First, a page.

Potential Leaving EU Names
When Brexit was being planned, someone either thought really hard about what name they could give the movement, or it just popped into someone's head as a joke and stuck. Either way, Brexit is a catchy and honestly brilliant name, so of course someone made a map of all the potential leaving European Union names for the other countries of Europe. Personally, 'Quitaly' is the winner for me, but it's a subjective matter.
How-To Questions Each State Googles More Frequently Than Any Other State
This map could really give us an insight into the differences between Americans. In truth, America is a huge country with many contrasting beliefs and ideologies. So it makes sense that people would Google different how-to questions. Texas seems to have some mortality issues, Pennsylvania has some big ambitions, and Mississippi... doesn't. If you're interested in seeing the most Googled questions ever, see Mondovo's website. It's surprising.
Something Is Missing...
Ignoring the fact that this map is made out of fried chicken and isn't going to be 1000% accurate, there is one obvious country missing. I'll give you a hint: Lord of the Rings and lots of sheep... nope? It's New Zealand, of course! There is actually a hilarious and long history of New Zealand being left out of maps. There's even a Reddit thread called Maps Without NZ.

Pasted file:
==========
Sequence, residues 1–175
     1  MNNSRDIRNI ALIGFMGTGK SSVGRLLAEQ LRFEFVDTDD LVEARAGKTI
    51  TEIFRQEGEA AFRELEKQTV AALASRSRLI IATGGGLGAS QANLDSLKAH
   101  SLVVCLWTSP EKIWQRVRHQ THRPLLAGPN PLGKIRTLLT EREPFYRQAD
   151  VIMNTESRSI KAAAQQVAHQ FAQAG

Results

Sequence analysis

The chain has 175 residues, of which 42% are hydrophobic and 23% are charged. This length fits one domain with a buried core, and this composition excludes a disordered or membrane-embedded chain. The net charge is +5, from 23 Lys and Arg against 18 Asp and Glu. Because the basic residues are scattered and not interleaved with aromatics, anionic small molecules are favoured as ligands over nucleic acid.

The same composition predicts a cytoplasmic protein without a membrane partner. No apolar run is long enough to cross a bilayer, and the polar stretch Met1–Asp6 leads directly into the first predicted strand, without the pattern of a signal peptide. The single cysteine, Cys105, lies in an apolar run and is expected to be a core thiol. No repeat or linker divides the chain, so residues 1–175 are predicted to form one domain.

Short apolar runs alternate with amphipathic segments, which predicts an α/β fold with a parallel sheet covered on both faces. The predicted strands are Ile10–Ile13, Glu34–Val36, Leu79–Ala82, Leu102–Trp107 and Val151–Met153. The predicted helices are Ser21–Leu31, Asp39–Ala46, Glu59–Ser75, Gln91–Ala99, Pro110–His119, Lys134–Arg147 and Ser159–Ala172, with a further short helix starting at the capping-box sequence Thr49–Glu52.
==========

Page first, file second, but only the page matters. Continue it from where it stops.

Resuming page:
So what's the deal? There are lots of tiny islands that could easily be forgotten, but New Zealand seems to be bearing all the brunt. The reason? It's mixed. Some people say there isn't enough room on the map (um...really?). Others just forget about it. But New Zealand is a pretty cool country (and this is an Australian writing, so saying that means something). So cool that their government is in on the joke about not existing. Way to go New Zealand. You're too cool for the maps anyway.
A Map of the Camouflage Pattern in Different Countries
Each country has it's own climate, environment and native plants. So it makes sense that the military camouflage patterns should vary to fit in to their surroundings. However, as each country developed it's own unique pattern for blending in, it also became a way to distinguish each country and identify nationhood. Camopedia is an encyclopedia of the different camouflage patterns used across the world.
- Reposted by